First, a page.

Dropped at a services above Manchester we were fairly optimistic, but an hour later, with the sun almost gone, we decided to jack it in for the night.  The flow had dropped to about 10 cars an hour, and none of them seemed to be paying us any attention.  So, since our only sleeping arrangements consisted of a sleeping bag apiece, we checked into the hotel for the night.  No, wait – our budget for the trip was set at £10 each, so we crawled under the trees a few yards from the motorway on one side and an A-road on the other and prayed for a dry night.  

DAY 2 – Wednesday 12th

Woken by the sunrise at 4:30, we had a lie in till 6, and Colin got us our first lift of the day at around 7.  In another commercial van, but with enough passenger seats for us both this time.  The bloke, an electrician who commutes from Leeds every day, took us to Penny Lane, which was great for those of us who are crazy about the Beatles.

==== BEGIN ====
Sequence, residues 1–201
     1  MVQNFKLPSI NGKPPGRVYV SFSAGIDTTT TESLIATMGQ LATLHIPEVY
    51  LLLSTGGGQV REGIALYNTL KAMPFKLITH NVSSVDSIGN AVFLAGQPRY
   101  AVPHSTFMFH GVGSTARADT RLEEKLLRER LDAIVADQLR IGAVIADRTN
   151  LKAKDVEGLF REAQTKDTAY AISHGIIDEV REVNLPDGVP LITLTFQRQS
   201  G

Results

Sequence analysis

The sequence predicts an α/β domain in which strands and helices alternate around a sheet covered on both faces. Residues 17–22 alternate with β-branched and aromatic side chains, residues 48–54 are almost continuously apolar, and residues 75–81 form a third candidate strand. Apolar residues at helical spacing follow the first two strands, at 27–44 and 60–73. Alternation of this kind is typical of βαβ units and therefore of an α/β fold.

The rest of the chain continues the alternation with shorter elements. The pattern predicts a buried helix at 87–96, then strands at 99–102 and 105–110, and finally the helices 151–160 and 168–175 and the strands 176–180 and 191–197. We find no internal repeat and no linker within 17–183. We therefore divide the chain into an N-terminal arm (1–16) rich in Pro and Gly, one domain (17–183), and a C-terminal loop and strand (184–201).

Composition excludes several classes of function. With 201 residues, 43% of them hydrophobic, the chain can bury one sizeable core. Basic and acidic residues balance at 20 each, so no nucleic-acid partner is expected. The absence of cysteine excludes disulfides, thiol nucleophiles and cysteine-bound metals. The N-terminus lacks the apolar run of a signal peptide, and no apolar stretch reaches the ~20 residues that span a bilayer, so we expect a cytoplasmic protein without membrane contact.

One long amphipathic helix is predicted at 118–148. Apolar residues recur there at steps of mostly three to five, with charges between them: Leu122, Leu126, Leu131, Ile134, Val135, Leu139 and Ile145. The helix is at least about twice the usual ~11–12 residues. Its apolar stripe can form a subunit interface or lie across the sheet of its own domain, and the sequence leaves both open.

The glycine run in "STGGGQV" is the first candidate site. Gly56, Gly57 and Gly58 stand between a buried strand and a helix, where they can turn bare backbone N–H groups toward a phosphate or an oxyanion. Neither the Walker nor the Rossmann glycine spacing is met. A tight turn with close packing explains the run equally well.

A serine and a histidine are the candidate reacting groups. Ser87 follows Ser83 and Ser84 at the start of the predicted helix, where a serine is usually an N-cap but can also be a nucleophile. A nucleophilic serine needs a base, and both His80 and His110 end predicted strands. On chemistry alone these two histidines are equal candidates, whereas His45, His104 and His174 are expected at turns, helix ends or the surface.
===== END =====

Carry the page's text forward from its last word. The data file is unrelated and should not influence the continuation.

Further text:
From Penny Lane, we asked directions for Maghull, certain that we’d be knocking up Christine’s family to shove toast and cereal into our starved maws before too long.  We were told to get a bus into the centre, another bus to the station and a train to Maghull.  Not a very promising start, especially since public transport doesn’t really count as hitch-hiking in the purest sense.  So we walked.  And walked.  Past the docks, past the Liver building.  And eventually found a bus stop that claimed it could take us to our final destination.  We reasoned, partly with our weary feet and sweat-soaked back-packs, that since we had come a long way out of our way to get to Liverpool we could afford a few miles public transport usage, since it would be impossible to get a lift out of the city centre.  After waiting around at Paradise Street bus station we found a little timetable tucked away that told us that there would be no buses till 6:04am on Saturday.  And then again at 6:15am.  You wait a week for a bus and two turn up at once.  But we didn’t really want to do that, so we set off again for a train station.  The only one we knew of was Lime Street, but when we asked for directions we got sent to St James’ underground.  They sent us up the road to Liverpool Central, which turned out to be a better choice anyhow.  £2 each of our precious budget blown on one 6 mile train journey.  This money was supposed to be used for food, but since we had half a packet of digestives and a bit of chocolate we hadn’t found cause to spend any yet.